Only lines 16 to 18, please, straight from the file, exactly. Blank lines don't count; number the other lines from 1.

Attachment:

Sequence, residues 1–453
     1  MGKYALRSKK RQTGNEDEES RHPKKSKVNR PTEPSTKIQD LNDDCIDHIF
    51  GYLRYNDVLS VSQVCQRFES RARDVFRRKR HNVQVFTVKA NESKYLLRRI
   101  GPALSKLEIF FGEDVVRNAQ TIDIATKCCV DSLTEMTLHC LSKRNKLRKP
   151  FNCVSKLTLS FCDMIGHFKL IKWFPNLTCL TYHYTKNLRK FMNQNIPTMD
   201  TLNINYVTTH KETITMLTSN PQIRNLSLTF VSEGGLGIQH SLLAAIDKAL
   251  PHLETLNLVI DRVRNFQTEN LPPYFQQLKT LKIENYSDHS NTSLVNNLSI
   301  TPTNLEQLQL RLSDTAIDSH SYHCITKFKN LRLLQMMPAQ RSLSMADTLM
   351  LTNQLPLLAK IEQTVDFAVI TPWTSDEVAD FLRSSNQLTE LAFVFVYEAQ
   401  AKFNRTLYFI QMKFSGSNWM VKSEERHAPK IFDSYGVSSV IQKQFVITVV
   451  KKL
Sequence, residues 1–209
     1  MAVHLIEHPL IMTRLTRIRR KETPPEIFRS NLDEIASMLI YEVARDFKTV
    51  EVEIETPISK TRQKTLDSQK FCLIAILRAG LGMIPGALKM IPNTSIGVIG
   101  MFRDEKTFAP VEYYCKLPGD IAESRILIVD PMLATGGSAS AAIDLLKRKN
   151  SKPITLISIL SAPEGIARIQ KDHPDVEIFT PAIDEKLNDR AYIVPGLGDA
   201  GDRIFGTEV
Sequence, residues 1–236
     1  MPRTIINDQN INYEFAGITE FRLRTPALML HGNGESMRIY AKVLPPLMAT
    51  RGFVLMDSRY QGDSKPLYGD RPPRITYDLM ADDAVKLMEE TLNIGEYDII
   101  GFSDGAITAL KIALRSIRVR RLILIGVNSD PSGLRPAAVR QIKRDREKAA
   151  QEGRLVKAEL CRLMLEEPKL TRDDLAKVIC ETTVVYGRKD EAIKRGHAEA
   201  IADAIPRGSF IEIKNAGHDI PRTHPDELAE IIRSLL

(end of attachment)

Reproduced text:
   151  SKPITLISIL SAPEGIARIQ KDHPDVEIFT PAIDEKLNDR AYIVPGLGDA
   201  GDRIFGTEV
Sequence, residues 1–236